Koryu.com Frequently Asked Questions

What is koryu bujutsu?

We cover this important question in detail in our “Koryu Primer.”

What is koryu budo?

See “Koryu budo, kobudo, kobujutsu, koryu bujutsu: what’s the difference?

Can you recommend a qualified and authorized classical martial arts instructor in my area?

The search for a teacher is an important part of the “koryu” process. Like training in the koryu, it isn’t necessarily easy or instantly successful. A number of schools and teachers have web sites listed in the “Ryu Guide” pages, so this is a good place to start your search. At Koryu.com we do not provide contact information to people with whom we do not have a direct personal connection (see “Koryu Training in Japan” for a more detailed explanation of this issue). We do provide you with lots of background material so you can evaluate prospective instructors, know what questions to ask them, and in general have a clearer idea of the context of the koryu bujutsu. Check out the reading list in “A Koryu Primer.”

I’d like to go to Japan to train in koryu. How can I do this?

We’ve compiled all our advice on this into two articles: “Koryu Training in Japan” and “Training in Japan.”

Can you provide me with the address and phone number of a contact for Thus-and-such-ryu in Japan?

Imagine your seventy-five-year-old grandmother, cozily asleep in her bed. At 3:00 a.m., the phone rings. Being a well-bred old-fashioned type, she answers–despite the hour–and is greeted with an incomprehensible barrage of Swahili. This happens all too frequently to the headmasters of classical traditions in Japan. For this reason, and others that I explain in my article “Koryu Training in Japan,” we really cannot provide such information. Fortunately, you are only six jumps away from anyone in the world, so ask around among your acquaintances (your martial arts instructor is a good place to start) and you will eventually find a personal connection that can get you the information or introduction you seek.

Have you ever considered producing a dojo directory of koryu in the West?

No. There are a couple of issues. One is that if we start listing koryu, then everyone and everyone’s aunt would start bothering us: “Why isn’t my xyz-made-last-week-in-America-ryu listed?” We already get quite a lot of this and it is time-consuming and sometimes not very pleasant. We really don’t want to set ourselves up as arbiters of who is doing “real” koryu and who isn’t, but we will not mention or support arts that we believe to be outside our brief, or arts that blatantly misrepresent their histories. We’d rather provide materials so that people can learn enough to evaluate a prospective teacher/art on their own (after all, the student is the one who has to “live” with a teacher; he or she should be the one to evaluate that teacher).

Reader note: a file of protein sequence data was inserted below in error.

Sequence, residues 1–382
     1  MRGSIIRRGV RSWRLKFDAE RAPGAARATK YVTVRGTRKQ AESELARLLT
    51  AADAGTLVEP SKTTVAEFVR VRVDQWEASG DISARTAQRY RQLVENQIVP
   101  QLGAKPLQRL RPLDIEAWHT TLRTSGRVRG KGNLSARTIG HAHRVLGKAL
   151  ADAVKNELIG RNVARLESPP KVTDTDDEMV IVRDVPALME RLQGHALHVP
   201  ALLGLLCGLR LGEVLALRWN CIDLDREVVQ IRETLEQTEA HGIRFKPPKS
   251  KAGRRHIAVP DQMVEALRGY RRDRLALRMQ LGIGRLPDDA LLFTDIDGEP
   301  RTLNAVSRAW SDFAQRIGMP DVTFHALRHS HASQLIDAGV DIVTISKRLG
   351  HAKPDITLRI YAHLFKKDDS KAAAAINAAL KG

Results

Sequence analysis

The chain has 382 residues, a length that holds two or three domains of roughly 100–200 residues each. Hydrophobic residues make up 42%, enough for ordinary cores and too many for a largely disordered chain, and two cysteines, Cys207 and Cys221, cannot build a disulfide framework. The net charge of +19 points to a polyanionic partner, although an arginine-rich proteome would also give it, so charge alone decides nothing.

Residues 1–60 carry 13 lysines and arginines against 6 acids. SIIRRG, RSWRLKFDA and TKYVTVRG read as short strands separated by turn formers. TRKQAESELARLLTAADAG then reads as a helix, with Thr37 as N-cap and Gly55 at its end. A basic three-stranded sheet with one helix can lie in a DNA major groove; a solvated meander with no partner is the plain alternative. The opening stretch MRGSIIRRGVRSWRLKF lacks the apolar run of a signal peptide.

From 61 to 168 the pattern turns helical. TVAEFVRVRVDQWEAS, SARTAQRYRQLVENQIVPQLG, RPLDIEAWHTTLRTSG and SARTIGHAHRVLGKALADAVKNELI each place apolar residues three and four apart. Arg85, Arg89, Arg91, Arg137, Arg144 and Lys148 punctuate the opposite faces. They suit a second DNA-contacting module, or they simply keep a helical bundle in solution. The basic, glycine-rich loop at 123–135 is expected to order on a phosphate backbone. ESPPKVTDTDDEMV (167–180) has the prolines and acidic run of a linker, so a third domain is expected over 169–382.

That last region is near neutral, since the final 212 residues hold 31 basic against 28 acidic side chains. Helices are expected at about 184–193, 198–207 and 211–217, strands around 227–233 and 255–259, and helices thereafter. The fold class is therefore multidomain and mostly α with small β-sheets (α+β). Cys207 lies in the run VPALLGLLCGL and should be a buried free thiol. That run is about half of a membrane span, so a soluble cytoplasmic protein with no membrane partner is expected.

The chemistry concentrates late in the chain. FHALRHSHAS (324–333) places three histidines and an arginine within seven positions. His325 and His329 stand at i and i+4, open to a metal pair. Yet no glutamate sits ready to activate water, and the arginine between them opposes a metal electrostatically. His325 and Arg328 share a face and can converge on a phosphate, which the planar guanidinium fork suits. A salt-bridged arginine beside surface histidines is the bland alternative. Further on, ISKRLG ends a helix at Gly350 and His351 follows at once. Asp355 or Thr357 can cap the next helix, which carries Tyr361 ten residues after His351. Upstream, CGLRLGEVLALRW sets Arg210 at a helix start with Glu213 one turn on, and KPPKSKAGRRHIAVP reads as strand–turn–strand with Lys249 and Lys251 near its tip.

Another issue is that it seems koryu have become popular. Lots of people are looking for koryu; and surprisingly few of them, when asked, can really tell you why it is specifically koryu that they want to do. Most instructors that we know personally are not prepared to accept lots of students. Many do not accept anyone at all until they’ve trained with them in a modern art for a number of years. Others require recommendations from a trusted third party. Some of us believe that part of the process is the search for the right teacher–to shortcut that quest is to deny the importance of that first step.

Finally, and this is solely because this is the way it is done amongst our teachers and koryu people in Japan, we at Koryu Books take the notion of introductions extremely seriously. If we give a teacher’s name to someone, we are, to one extent or another, vouching for that individual’s character and suitability. We can’t evaluate all the individuals who access a list on the Internet. Therefore, we are not willing to provide a list (the converse goes as well–the list of legitimate koryu teachers with whom we have enough personal experience to recommend is quite short; we wouldn’t be able/willing to list anyone with whom we’ve had no such experience).

Is ninjutsu or ninpo taijutsu considered to be a koryu?

As one aspect of the martial arts, the equivalent, more or less, of military intelligence, this is certainly a legitimate area of study, and techniques are included within the curricula of several comprehensive classical systems. But ninjutsu simply no longer exists as an independent ryu-ha or art. What is commonly taught as ninjutsu, in Japan and elsewhere, is a fairly recent collection of unarmed and weapons arts, two of which are independent koryu. This does not mean that these arts are not technically valid or that they don’t have historical provenance. But the modern arts taught as ninjutsu and ninpo or budo taijutsu (whichever version of the name you favor) cannot be considered koryu per se. For more information, we’ve assembled some other researchers’ opinions on this question at “Ninjutsu: Is it koryu bujutsu?” 

How can I order your books?

Our quick order form will get you started; other ordering information can be found at “Orders Information.”

I’m working on a book about Japanese martial arts. Is Koryu Books looking for manuscripts?

We’re pretty much set in the way of manuscripts to publish for at least the next five years. So, no, we’re not really in the market. If you’re convinced that you’ve got a book that we should consider we certainly are willing to take a look at your proposal. But please keep in mind that the likelihood of Koryu Books being interested in publishing your book is fairly small.

For general questions about the Japanese classical martial arts, we suggest the Koryu Bujutsu Facebook group.